2. The range of bodies represented on this site has helped me actually internalize the body-love I’d paid lip service to for a long time. Articles like this, and especially seeing larger bodies in beautiful NSFW Sunday posts, have seriously been transformed my love and appreciation for other bodies and my own body.

  3. I’m going to the beach in 2 weeks, and I bought a 2 piece swimsuit online- it just came in the mail today. I’m nervous to try it on, but I’m going to rock it at the beach!

  4. Just an observation from a MoC, size 16 genderqueer:

    Like everyone else raised with a TV, I, too, have internalized the message that skinny = better and have hated my body for it and felt guilty for my attractions, which have discriminated against plus-sized women. It’s only over the last few years that I’ve developed a feminist consciousness that has begun actively fighting that message (THANK YOU, AUTOSTRADDLE) and I’ve seen some larger women whom I’ve genuinely thought were gorgeous.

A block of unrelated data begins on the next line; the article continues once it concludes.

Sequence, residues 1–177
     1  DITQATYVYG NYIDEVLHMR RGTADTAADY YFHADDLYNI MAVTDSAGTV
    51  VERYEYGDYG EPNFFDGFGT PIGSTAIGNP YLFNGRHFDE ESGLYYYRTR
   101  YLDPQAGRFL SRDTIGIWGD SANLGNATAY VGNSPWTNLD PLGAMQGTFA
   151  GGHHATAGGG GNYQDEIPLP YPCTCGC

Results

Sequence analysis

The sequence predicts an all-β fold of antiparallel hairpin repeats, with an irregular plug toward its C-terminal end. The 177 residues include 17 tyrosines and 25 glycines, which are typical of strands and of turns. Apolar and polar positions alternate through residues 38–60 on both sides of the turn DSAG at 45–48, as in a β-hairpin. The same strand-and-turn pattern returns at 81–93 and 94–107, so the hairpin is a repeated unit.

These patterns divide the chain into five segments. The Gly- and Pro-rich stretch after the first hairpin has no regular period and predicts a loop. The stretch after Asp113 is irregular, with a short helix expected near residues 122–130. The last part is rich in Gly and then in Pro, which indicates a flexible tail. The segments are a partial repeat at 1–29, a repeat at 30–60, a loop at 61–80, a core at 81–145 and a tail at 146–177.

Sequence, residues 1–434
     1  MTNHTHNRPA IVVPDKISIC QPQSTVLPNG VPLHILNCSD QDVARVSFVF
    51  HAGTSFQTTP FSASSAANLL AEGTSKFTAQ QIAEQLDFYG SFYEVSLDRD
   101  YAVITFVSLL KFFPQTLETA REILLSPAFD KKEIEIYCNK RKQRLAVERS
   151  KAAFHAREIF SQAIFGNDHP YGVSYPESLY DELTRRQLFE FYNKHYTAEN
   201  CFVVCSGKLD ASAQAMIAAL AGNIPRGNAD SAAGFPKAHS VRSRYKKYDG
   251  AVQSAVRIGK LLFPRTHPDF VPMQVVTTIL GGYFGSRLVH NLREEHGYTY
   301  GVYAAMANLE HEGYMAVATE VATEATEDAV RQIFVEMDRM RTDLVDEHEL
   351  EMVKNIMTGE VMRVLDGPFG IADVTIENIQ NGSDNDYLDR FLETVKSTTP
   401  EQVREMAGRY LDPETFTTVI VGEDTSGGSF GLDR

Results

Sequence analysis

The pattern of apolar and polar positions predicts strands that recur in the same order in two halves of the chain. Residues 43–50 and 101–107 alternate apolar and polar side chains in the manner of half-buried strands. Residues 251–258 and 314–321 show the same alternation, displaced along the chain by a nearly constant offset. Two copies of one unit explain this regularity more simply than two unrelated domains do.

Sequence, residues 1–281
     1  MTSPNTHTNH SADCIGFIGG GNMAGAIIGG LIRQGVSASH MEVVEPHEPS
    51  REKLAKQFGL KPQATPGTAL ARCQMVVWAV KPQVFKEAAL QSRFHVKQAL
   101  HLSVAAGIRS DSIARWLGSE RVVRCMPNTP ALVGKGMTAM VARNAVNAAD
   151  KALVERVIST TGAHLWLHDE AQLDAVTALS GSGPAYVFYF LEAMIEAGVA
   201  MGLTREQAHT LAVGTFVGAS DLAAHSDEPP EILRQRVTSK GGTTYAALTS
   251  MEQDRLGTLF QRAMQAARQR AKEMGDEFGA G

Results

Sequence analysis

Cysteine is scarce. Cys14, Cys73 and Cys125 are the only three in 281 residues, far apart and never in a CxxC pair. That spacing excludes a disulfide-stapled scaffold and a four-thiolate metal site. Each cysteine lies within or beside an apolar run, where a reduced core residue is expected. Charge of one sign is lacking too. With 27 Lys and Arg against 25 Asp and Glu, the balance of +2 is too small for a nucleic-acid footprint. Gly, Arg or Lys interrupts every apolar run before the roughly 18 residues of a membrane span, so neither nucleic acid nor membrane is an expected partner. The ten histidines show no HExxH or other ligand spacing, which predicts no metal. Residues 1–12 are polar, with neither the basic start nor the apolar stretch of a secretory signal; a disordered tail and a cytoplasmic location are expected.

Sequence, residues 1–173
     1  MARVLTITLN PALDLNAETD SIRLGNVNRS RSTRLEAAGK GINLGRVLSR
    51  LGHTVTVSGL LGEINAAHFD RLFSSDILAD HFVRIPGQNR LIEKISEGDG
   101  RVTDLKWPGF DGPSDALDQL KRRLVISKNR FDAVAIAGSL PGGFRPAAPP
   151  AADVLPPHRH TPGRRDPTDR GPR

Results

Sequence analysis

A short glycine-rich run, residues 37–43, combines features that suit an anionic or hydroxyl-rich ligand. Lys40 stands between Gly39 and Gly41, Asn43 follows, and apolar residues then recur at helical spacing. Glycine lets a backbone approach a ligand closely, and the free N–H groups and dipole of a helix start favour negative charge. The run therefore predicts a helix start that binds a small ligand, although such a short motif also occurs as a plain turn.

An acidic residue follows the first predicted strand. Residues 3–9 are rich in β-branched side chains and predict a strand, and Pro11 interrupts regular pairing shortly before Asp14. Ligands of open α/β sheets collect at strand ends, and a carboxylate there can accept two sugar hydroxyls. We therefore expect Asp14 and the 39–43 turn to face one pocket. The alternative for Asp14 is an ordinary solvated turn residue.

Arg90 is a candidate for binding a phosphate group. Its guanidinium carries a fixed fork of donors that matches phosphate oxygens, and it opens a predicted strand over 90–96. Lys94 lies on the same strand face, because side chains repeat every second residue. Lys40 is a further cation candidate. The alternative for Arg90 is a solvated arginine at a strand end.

My biggest hang-up with the movement – or maybe just my own psychology – is that these gorgeous, overweight women tend to almost always be “high femme.”

    And I am most definitely not anywhere near high femme…

    So while seeing these gorgeous ladies IS affecting what physical attributes I find sexy in potential romantic partners, it’s still doing very little to overcome the hate and shame I have for my own flabby, masculine-but-not body.